14. Is Bone Grafting Necessary in Opening Wedge High Tibial Osteotomy? A Meta-Analysis of Radiological Outcomes

    PubMed Central

    Han, Jae Hwi; Kim, Hyun Jung; Song, Jae Gwang; Yang, Jae Hyuk; Bhandare, Nikhl N; Fernandez, Aldrich Raymund; Park, Hyung Jun

    2015-01-01

    Purpose Bone grafting in opening wedge high tibial osteotomy (OWHTO) is still controversial. The purpose of this study is to compare the radiological outcomes of OWHTO with bone graft (autogenous, allogenous, and synthetic bone graft) and those without bone graft. Materials and Methods PubMed, MEDLINE, EMBASE and Cochrane Register of Studies databases were searched using specific inclusion and exclusion criteria for radiological studies involving OWHTO with bone graft and without bone graft groups. All reported delayed union, nonunion and correction loss were analyzed. Data were searched from the time period of January 2000 through July 2014. In addition, a modified Coleman methodology score (CMS) system was used to assess the methodological quality of the included studies. Results Twenty-five studies with a mean CMS value of 77 (range, 61 to 85 score) were included. In total, 1,841 patients underwent OWHTO using 4 different procedures for bone graft: autobone graft (n=352), allobone graft (n=547), synthetic bone graft (n=541) and no bone graft (n=401). There was a similar tendency for delayed union, nonunion and correction loss rate among the osteotomy space filling methods. Conclusions The meta-analysis showed there was a similar tendency for radiological union and correction maintenance among patients undergoing OWHTO regardless of the type of bone in all of the studies. However, the currently available evidence is not sufficient to strongly support the superiority of OWHTO with bone graft to OWHTO without bone graft. PMID:26675553

  15. Experiment K-6-06. Morphometric and EM analyses of tibial epiphyseal plates from Cosmos 1887 rats

    NASA Technical Reports Server (NTRS)

    Duke, P. J.; Montufar-Solis, D.; Durnova, G.

    1990-01-01

    Light and electron microscopy studies were carried out on decalcified tibial epiphyseal plates of rats flown aboard Cosmos 1887 (12.5d flight plus 53.5h recovery). Analysis of variance showed that the proliferative zone of flight animals was significantly higher than that of synchronous controls, while the hypertrophic/calcification zone was significantly reduced. Flight animals had more cells than synchronous controls in the proliferative zone, and less in the hypertrophic/calcification region. The total number of cells, however, was significantly higher in flight animals. No differences were found for perimeter or shape factor of growth plates, but area was significantly lower in flight animals in comparison to synchronous controls. Collagen fibrils in flight animals were shorter and wider than in synchronous controls. The time required for a cell to cycle through the growth plate is 2 to 3 days, so most of the cells and matrix present were formed after the animals had returned to 1 g, and probably represent stages of recovery from microgravity exposure, which in itself is an interesting question.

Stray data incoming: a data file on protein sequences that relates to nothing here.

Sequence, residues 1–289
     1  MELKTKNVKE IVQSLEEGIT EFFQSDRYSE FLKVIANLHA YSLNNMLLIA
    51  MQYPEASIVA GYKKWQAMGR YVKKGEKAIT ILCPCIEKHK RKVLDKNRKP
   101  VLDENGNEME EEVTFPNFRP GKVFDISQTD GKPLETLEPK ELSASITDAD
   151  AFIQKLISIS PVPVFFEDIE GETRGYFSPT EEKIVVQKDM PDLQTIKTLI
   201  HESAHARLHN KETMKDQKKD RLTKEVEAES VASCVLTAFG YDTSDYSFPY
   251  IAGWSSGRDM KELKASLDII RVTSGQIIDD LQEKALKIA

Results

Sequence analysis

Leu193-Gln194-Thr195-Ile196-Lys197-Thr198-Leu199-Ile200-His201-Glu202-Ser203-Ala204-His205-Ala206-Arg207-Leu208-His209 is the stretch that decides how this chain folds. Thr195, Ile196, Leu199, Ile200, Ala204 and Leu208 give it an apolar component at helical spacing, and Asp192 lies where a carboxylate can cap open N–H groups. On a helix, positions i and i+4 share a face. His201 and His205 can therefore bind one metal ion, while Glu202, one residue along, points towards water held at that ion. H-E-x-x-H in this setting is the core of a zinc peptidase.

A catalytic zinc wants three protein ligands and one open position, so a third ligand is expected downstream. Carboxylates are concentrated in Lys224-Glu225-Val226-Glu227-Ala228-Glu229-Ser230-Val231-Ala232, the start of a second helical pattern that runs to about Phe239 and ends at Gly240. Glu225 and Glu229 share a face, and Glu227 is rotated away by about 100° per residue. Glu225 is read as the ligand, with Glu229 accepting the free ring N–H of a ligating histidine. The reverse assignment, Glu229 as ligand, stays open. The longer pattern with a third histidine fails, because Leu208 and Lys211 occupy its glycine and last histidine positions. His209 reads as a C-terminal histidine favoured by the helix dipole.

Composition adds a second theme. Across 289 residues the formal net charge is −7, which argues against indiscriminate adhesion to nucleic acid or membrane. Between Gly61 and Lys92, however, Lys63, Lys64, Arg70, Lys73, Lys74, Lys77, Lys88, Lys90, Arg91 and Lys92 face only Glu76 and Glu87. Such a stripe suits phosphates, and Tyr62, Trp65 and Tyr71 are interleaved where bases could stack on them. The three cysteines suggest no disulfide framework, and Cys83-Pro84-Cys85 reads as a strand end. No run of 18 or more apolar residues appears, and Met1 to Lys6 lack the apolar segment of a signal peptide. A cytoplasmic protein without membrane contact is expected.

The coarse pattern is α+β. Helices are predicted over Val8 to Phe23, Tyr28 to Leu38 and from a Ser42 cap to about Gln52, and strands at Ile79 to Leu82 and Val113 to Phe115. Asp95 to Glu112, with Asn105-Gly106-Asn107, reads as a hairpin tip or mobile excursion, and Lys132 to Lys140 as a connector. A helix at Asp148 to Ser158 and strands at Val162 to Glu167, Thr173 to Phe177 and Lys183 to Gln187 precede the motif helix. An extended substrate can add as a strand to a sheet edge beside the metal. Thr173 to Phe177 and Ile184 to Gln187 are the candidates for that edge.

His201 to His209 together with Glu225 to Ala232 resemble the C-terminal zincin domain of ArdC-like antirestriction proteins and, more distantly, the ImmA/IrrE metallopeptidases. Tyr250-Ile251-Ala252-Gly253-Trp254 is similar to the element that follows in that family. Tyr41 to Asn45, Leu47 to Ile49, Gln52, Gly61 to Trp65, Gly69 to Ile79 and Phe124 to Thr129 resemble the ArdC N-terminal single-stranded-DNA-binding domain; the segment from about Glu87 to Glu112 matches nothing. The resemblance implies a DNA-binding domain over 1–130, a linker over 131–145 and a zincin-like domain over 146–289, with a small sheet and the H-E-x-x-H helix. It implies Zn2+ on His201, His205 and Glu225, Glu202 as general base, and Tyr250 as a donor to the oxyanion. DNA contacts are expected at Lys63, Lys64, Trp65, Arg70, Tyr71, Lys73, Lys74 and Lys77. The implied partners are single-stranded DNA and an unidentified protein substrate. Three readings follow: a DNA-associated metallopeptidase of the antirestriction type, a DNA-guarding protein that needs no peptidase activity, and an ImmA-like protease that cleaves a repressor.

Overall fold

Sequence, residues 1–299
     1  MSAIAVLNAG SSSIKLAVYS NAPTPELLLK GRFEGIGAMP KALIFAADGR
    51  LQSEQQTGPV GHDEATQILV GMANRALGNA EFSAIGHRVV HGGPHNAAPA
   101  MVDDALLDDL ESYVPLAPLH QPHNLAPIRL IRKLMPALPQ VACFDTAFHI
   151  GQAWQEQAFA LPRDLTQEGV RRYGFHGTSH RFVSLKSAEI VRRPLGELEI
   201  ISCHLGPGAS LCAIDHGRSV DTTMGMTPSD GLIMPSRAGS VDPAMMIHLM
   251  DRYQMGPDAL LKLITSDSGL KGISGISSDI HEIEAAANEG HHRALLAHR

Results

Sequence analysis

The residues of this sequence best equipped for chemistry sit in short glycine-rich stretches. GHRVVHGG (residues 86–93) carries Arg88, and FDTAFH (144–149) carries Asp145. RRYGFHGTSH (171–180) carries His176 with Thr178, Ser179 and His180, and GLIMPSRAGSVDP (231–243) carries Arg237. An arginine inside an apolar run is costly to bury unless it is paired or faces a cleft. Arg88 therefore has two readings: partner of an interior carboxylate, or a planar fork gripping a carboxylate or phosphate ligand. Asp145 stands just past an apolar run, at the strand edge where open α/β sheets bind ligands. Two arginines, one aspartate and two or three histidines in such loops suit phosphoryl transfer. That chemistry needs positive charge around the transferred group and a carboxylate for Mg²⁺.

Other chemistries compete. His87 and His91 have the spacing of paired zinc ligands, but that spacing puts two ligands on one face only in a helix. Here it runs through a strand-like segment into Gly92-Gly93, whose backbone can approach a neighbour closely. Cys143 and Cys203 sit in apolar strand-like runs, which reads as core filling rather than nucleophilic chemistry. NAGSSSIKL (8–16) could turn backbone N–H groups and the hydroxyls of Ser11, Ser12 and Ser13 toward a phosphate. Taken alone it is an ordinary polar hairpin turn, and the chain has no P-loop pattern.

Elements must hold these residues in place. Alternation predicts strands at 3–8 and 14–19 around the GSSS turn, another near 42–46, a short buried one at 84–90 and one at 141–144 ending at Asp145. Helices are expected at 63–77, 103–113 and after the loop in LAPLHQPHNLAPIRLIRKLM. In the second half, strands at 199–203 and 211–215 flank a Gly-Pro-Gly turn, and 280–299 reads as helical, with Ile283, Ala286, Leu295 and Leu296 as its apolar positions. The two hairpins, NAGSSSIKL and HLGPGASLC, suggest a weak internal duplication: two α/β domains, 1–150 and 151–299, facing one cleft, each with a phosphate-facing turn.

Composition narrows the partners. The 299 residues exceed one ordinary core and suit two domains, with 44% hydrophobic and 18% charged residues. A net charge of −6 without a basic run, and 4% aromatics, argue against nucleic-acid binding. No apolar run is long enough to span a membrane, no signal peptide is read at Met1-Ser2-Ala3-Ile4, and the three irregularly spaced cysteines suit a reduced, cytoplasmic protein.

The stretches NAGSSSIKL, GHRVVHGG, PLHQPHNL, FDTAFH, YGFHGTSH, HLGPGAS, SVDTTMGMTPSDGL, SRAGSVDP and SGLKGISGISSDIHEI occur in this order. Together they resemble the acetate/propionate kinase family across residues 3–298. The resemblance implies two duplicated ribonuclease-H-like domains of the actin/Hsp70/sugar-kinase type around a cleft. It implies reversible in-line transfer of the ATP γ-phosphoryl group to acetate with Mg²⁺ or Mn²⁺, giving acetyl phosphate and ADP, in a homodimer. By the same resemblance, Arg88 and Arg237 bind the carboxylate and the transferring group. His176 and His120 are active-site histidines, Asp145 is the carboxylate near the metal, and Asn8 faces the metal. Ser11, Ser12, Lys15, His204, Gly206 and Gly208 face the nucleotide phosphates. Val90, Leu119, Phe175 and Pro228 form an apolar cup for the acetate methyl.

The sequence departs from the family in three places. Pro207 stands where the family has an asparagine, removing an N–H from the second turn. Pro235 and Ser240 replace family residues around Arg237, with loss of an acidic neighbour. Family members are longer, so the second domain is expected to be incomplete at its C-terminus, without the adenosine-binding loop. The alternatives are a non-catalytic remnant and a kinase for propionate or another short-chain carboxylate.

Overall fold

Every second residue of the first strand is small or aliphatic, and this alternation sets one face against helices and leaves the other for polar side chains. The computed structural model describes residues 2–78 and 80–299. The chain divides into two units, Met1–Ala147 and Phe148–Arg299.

16. Failure of isolated rat tibial periosteal cells to 5 alpha reduce testosterone to 5 alpha-dihydrotestosterone

    SciTech Connect

    Turner, R.T.; Bleiberg, B.; Colvard, D.S.; Keeting, P.E.; Evans, G.; Spelsberg, T.C. )

    1990-07-01

    Periosteal cells were isolated from tibiae of adult male rats after collagenase treatment. Northern blot analysis of total cytoplasmic RNA extracted from the isolated periosteal cells was positive for expression of genes encoding the osteoblast marker proteins osteocalcin (BGP) and pre-pro-alpha 2(I) chain of type 1 precollagen. The isolated periosteal cells were incubated with 1 nM (3H)testosterone (({sup 3}H)T) for up to 240 minutes and the reaction products separated by high-performance liquid chromatography. ({sup 3}H)5 alpha-dihydrotestosterone (({sup 3}H)DHT) was not detected in extracts of periosteal cell incubations. In contrast, ({sup 3}H)DHT was produced in a time-dependent manner by cells from seminal vesicles. These results suggest that testosterone 5 alpha-reductase activity is not expressed by osteoblasts in rat tibial periosteum and that the anabolic effects of androgens in this tissue are not mediated by locally produced DHT.

  17. In vivo determination of tibial lead by K x-ray fluorescence with a /sup 109/Cd source